Sunday, 28 July 2013

July 28: Sunshine and crowds greeted the Silsden Gala procession, which, starting in Howden Road paraded by way of Kirkgate, Briggate, Bell Square and Bolton Road to the park, where there were arena attractions and a funfair, plus a downpour. Above: ahead of the procession, Airedale Hospital's running group, the Dodgers, and A&E staff bed-pushed in aid of Manorlands. 
 Jazz music led the floats.
 Silsden gala queen and her retinue.
Two handsome tractors preceded the St James' Church depiction of key aspects of Christian life. 
 The precision of Silsden Majorettes delighted onlookers.
Accrington Pipe Band, founded in 1885, made a stirring contribution to the parade.
Fancy-dress entrants.
 Shoemaker's elves from Footprints, a new children's-footwear shop in Kirkgate. 
 Music from Jamba Samba.
Silsden AFC junior players.

 Silsden Royal British Legion.
There was a broad sweep to the Royal British Legion's theme.
Bees on bikes.
Cobbydale Social Club.
Silsden Brass Band leads the procession at what is believed to be the town's first gala, in 1908. The event was called Silsden Charity Carnival (it became a 'gala' after the Second World War) and was held to raise money for the Helping Hands Fund for relief of poor people. The procession is shown passing the Red Lion.
Onlookers endured rain at the carnival in June 1909. The railings were at the entrance to the Methodist Church.
June 1910: note the lump of Silkstone coal on the cart, which is followed by the town's fire engine and volunteer brigade. 
The early carnivals included a class for the best-decorated shop. Tailor Arthur Dixon's premises are where the Beehive hairdressing salon is now in Kirkgate.
The photograph shows the procession in Briggate in the 1940s at the first gala after the war and the first to be held since 1924. The gala steward on the right is Fred Dixon, who reputedly was Silsden's tallest man.  The steward on the left is Willy Bancroft, who was 15 when he had tried to enlist in the First World War, one of five Bancroft brothers to serve.
Late 1940s/early 1950s: the procession is pictured in Tufton Street. The pipe band is passing Thompson's grocery and sweet shop.
1948 or 1949: the procession nears the canal bridge in Keighley Road. The children in fancy dress are led by Philip Mason (Indian chief), Barry Whittingham (sheik) and Derek Cooper (guardsman).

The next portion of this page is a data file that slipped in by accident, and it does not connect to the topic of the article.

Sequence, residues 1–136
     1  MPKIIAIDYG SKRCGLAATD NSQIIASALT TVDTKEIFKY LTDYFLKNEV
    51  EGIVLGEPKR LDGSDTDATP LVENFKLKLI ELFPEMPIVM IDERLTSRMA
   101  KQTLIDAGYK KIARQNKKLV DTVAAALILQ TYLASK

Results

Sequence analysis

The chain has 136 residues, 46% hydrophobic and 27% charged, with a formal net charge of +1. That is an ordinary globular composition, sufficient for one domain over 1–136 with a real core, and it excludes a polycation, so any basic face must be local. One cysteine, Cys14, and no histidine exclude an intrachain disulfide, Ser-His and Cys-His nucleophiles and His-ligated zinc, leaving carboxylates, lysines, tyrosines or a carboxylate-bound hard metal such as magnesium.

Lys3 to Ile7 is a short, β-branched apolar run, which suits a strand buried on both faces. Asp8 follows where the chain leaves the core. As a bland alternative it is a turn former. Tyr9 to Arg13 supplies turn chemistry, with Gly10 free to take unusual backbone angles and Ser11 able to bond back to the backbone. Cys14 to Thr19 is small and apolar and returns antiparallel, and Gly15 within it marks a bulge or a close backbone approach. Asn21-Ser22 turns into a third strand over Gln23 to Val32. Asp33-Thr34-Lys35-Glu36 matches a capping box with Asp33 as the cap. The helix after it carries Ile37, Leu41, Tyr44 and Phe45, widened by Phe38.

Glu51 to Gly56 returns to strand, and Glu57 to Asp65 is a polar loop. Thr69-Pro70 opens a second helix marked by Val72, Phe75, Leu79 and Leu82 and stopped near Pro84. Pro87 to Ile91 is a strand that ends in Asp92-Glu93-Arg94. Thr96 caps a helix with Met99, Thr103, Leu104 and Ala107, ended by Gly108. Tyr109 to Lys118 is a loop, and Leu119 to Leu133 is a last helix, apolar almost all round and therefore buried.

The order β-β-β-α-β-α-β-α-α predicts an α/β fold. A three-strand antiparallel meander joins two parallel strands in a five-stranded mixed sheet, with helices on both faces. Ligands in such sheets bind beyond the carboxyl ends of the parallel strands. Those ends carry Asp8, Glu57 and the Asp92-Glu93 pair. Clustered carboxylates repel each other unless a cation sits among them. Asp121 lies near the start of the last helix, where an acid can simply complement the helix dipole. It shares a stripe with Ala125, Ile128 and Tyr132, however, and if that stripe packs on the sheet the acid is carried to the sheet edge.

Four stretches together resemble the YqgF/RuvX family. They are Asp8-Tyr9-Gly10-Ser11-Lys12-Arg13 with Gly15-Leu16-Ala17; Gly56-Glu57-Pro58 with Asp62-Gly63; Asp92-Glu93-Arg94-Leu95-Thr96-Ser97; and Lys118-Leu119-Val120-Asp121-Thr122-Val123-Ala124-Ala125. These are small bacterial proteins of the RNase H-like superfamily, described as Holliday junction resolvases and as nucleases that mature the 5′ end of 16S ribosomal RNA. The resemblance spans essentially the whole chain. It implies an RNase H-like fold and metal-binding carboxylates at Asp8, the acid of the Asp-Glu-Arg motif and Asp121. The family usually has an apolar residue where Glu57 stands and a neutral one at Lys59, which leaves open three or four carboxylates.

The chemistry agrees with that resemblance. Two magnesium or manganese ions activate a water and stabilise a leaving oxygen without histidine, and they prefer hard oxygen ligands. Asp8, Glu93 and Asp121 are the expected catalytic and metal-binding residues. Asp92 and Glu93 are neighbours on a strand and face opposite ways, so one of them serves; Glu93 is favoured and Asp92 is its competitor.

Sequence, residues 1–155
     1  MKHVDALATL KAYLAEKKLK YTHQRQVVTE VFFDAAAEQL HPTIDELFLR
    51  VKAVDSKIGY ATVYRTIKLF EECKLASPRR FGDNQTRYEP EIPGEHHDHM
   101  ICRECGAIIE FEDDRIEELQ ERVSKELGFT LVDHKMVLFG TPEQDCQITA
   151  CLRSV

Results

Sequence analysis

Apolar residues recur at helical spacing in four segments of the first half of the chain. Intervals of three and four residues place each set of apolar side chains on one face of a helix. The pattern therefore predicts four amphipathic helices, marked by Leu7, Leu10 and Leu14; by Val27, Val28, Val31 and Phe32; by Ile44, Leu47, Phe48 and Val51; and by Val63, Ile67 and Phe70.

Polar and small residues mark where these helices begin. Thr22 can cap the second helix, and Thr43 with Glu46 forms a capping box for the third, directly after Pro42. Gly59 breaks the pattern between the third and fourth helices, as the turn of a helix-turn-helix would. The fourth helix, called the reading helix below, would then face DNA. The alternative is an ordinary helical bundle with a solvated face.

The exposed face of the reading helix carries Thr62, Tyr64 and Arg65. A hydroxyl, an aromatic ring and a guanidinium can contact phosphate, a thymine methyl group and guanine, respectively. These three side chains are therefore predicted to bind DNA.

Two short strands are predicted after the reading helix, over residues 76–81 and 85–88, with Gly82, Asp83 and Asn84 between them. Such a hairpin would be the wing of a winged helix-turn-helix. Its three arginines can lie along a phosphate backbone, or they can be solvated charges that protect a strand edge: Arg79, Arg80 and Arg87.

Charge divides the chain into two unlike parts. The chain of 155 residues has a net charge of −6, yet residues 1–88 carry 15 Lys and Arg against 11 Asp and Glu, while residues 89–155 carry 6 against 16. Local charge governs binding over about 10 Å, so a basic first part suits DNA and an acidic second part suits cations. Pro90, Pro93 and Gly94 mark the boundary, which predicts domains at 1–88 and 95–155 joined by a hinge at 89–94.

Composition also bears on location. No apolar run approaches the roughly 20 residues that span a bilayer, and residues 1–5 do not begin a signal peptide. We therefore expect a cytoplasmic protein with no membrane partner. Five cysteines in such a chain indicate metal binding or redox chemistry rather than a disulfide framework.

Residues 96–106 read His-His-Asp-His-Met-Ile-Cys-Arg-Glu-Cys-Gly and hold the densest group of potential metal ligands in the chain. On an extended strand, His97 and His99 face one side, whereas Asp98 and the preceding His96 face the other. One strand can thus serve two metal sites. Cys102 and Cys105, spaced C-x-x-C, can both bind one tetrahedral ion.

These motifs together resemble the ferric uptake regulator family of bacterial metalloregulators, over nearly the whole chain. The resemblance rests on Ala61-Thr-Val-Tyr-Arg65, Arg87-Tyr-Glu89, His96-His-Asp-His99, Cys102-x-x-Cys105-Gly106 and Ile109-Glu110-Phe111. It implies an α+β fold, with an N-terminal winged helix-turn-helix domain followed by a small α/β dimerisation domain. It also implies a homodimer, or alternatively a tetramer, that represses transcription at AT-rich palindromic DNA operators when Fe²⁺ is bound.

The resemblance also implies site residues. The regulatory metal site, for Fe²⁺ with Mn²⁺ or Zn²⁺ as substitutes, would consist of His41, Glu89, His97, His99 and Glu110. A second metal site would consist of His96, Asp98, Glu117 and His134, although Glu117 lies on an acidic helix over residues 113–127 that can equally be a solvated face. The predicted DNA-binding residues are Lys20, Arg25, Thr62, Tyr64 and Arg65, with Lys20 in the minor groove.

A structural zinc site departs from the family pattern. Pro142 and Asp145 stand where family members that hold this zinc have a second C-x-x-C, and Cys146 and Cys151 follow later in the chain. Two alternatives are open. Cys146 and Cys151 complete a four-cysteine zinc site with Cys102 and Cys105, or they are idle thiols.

1950s: An entrant in the popular class for decorated horses. These Kirkgate shops, demolished long ago, overlooked Stakes Beck.

Another 1950s gala procession in Kirkgate, this time passing the drapery store of W. Sugden & Sons, which is now a travel agency. It is next door to Natwest, which in those days was the National Provincial Bank.
Above and below: gala processions in the late 1950s pass the Kirkgate junction with Wesley Place. The corner shop and adjoining properties were demolished to make way for the present-day car park. Further details and pictures of parades at this location can be seen in my April posts. 

This 1950s procession in Tufton Street shows Darkie, one of Silsden's last working horses, which was owned by the local Co-operative Society and retired in 1957 after years spent pulling a coal cart on house-to-house deliveries. Leading Darkie is coalman Bill Hartley, who loved the horse like a brother. (Photograph by courtesy of Richard Throup.) A picture of Mr Hartley attending a pony and cart in a 1970s gala procession is shown in my April posts.

Saturday, 20 July 2013

A large crowd saw a Silsden Dream Team (pictured above) defeat a crew (pictured below) from the Emmerdale TV series to win the Browny Cup at Silsden Sports Club on July 20. The family fun day, strongly supported by local businesses, was estimated to have raised more than £5,000 for the Chris Brown Trust, in memory of Chris Brown, who died aged 24 in 2009 after receiving a head injury playing rugby league for Silsden Park Rangers. The Dream Team, captained by James Whitehead, comprised friends of Chris and Chris's two brothers, Mark and Adam. Silsden won on penalties after drawing 2-2 at full time. The Trust has raised hundreds of pounds to help local people in difficulty as a result of loss or injury.   

Above: The pre-match warm-up introduced players to musical moves and owed more to fun than formations.